Tungsten inert gas (TIG) welding — also known as gas tungsten arc welding (GTAW) — is a process that is used to join thin, non-ferrous metals. Electricity flows through a non-consumable tungsten electrode and creates an arc to the materials to be joined. The weld area is kept free from atmospheric contaminants by the presence of a gas (typically argon, helium, or a mixture of the two) that surrounds the weld during the bonding process. A filler material is frequently fed into the joint, although some metals do not require a filler.
TIG welding creates a strong bond and gives our engineers more control over the weld than with alternate forms of welding. The process was perfected in the 1940s and quickly gained popularity in the aerospace industry. TIG welding can be utilized to join most nonferrous metals, including stainless steel, aluminum, magnesium, titanium, and platinum, and can be employed to create bonds between dissimilar materials. Unlike other methods that can change the chemical composition of the metals involved through volatilization, the tungsten inert gas (TIG) welding produces a joint that matches the original metals in chemical composition, making the bond highly resistant to corrosion and cracking over the long term.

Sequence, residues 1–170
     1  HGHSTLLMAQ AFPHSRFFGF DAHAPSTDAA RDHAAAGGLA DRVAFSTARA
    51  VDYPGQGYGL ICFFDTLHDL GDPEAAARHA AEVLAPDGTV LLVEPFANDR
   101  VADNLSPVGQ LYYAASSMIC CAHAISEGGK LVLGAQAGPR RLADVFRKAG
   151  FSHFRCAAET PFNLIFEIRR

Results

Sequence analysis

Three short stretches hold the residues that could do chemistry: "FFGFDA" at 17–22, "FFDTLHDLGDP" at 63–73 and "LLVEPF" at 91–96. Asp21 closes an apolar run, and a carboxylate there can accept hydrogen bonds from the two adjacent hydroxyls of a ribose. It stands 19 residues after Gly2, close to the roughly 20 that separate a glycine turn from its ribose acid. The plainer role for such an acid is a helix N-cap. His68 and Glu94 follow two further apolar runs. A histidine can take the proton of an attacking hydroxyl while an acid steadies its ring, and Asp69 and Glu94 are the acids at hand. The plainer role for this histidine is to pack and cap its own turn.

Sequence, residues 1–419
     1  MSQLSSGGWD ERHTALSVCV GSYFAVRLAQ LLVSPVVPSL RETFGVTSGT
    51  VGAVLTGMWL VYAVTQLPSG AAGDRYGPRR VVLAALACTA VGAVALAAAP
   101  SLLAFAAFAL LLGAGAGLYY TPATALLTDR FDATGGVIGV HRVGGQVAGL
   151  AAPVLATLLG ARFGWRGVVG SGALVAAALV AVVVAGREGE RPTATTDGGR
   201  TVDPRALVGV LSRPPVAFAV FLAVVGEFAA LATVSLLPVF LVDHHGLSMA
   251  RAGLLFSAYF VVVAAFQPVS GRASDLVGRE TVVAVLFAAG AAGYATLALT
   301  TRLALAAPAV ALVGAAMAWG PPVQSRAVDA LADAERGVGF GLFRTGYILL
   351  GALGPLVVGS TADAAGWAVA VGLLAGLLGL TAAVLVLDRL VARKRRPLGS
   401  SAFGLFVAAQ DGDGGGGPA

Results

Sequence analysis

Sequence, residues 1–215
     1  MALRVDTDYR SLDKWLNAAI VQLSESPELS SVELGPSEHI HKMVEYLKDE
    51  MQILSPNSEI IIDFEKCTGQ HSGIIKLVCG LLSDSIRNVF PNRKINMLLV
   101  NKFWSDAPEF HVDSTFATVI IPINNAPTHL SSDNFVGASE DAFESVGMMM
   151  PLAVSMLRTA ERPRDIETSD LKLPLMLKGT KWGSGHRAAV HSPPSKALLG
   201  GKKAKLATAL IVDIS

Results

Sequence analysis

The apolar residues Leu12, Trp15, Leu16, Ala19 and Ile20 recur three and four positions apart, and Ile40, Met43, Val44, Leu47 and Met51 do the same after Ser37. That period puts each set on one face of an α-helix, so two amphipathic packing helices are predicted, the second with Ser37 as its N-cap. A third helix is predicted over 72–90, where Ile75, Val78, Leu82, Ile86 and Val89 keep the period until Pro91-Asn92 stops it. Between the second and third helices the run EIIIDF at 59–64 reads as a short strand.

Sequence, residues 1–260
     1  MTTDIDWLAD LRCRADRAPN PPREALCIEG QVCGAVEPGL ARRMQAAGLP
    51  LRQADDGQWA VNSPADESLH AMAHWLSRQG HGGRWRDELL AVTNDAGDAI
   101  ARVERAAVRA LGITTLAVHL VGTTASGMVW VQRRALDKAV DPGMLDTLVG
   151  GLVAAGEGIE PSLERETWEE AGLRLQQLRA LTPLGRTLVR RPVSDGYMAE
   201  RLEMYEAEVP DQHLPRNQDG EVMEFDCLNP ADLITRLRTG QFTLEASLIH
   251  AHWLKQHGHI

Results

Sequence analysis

The precision of TIG welding is highly desirable in the manufacture of medical devices, where finely detailed work precludes other methods. Although this precision is accompanied by a level of difficulty that surpasses that of other methods, Proven Process' expert welders have extensive training and experience in TIG welding and are held to the highest standards. The quality of their work is evident in our finished devices. We also use automated TIG welders when possible for large volume production.